“The free trade agreement that we will have to do with the European Union should be one of the easiest in human history”.
Liam Fox, 20 July 2017
Although the EU has always been firm that it will negotiate a new trade deal with the UK only after the withdrawal agreement (WA) has been signed, the UK position has been that this is variously unwise and/or unfair.
The UK political system has put great store on the non-binding political declaration (PD) which sketches the future UK-EU relationship and accompanies the WA: at its crudest, the PD was supposed to answer the question ‘what will we get for the £39 billion we are due to pay under the WA?’
So do we now have a clear view of the future trade relationship? Unfortunately, not; the uncertainty is set to continue for several years more.
Trade under Mrs May’s Deal
Even if Parliament approves the WA, the PD does not define the future at all clearly: it is incomplete and, in places, unclear; it will need to be negotiated with the EU; and it will deliver a trade agreement only if that agreement removes the need for a border between Northern Ireland and the Republic of Ireland.
Unless the latter happens the UK will either remain in transition – effectively inside the EU except for its voting rights – or in the so-called backstop which entails a customs union with the EU with a regulatory border running down the Irish Sea.
Since the latter will not be acceptable to any government (‘breaking up the United Kingdom’, they will say) the whole of the UK will most probably maintain very close regulatory alignment with the EU.
Trade will not be frictionless, however, because the EU will not recognise UK regulations and enforcement as sufficient to allow it to dispense with its own checks and so there will be border costs and delays.
The negotiation process involves converting the non-binding PD into a legally-binding manifestation of what is billed as the deepest and most comprehensive trade agreement the EU has ever signed. It will certainly take longer than the currently budgeted 21 months to agree – a further two or three years at the minimum.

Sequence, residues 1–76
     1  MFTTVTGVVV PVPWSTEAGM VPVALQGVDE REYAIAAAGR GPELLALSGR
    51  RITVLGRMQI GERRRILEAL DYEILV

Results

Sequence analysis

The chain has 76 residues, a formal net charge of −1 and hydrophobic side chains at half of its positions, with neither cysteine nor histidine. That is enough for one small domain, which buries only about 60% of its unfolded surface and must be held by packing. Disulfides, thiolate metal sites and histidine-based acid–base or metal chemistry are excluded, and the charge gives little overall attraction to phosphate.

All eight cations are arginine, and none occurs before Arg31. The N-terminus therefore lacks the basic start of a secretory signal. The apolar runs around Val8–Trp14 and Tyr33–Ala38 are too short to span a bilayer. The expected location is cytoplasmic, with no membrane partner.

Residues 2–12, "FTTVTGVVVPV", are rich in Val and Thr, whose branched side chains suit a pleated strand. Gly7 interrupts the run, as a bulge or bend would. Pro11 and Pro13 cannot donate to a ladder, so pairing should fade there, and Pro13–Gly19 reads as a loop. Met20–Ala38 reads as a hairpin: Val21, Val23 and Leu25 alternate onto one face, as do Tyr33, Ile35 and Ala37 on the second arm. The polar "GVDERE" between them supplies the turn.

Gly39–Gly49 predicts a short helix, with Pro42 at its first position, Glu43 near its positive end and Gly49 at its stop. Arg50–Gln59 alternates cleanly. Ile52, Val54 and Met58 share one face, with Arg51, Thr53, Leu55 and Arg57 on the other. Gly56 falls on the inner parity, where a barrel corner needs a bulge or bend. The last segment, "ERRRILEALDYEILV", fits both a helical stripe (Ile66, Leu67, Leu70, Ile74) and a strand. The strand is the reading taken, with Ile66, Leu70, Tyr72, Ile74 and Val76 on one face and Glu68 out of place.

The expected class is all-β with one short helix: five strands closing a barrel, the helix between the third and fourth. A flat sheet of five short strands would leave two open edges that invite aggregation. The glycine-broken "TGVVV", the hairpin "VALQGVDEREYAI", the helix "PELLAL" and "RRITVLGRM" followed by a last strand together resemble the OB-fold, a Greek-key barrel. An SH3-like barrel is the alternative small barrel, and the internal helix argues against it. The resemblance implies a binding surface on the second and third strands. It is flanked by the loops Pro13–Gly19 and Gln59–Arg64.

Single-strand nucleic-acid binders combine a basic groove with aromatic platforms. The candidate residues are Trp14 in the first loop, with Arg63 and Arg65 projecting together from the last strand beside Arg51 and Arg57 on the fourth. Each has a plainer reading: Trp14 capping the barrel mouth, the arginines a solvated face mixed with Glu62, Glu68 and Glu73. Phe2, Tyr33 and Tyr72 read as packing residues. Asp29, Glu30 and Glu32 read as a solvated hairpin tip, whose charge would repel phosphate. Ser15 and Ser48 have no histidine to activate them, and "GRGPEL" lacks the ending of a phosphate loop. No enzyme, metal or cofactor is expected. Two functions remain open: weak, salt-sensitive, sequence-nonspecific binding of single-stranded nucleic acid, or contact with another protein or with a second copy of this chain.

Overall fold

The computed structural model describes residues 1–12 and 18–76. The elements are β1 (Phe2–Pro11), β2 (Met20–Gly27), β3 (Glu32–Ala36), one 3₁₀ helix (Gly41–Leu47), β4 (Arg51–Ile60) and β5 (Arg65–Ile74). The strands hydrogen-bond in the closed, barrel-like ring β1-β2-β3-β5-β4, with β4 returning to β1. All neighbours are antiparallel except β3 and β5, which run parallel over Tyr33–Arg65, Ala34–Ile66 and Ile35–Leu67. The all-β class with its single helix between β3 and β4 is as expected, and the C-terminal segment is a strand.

The extra time will be necessary because the issues are complex and will involve many players on both sides of the channel, and because, even now, the British Government is unsure about what it really wants. But just as importantly, the game in the EU will have changed.
Rather than a technocratic exit agreement approved by qualified majority vote in the European Council and by the European Parliament, we will now be in a wide-ranging trade negotiation in which individual member states have interests, have a veto over the final deal and are required, if the deal is truly comprehensive, to take it to their national and in some cases regional parliaments for ratification (one can already hear the sound of hands rubbing in Wallonia.)
France has already stated its demands over fishing rights and Spain over Gibraltar, and there will be many more such individual demands. Trade negotiations are not charitable exercises: like any other negotiator, the experienced and well-oiled EU machine will exploit every advantage it has.
Places where the PD is unclear
The PD commits to tariff-free trade between the UK and the EU; however, it envisages that the UK will have its own tariff schedule for third countries while it ‘obviates the need for checks on rules of origin’. This is not technically possible at present and the only contribution of the PD to achieving it is to make ‘use of all available facilitative arrangements and technologies.’
The PD suggests that the UK and EU will treat each other as a single entity for the sake of Sanitary and Phyto-Sanitary Regulations, but beyond that the UK will ‘consider’ aligning with other ‘relevant’ EU rules. Checks and controls on traded goods will reflect the ‘degree of alignment of rules’ between the EU and the UK – this statement could possibly underpin frictionless trade, but it certainly does not guarantee it.
There is little commitment to harmonising or recognising each others’ regulations on tradable services. In financial services, each party’s ‘equivalence decisions’ – which potentially declare UK regulation acceptable for EU markets and/or vice versa – ‘will be taken in its own interest’. That is, there is no obligation to try to provide each other with market access for financial services.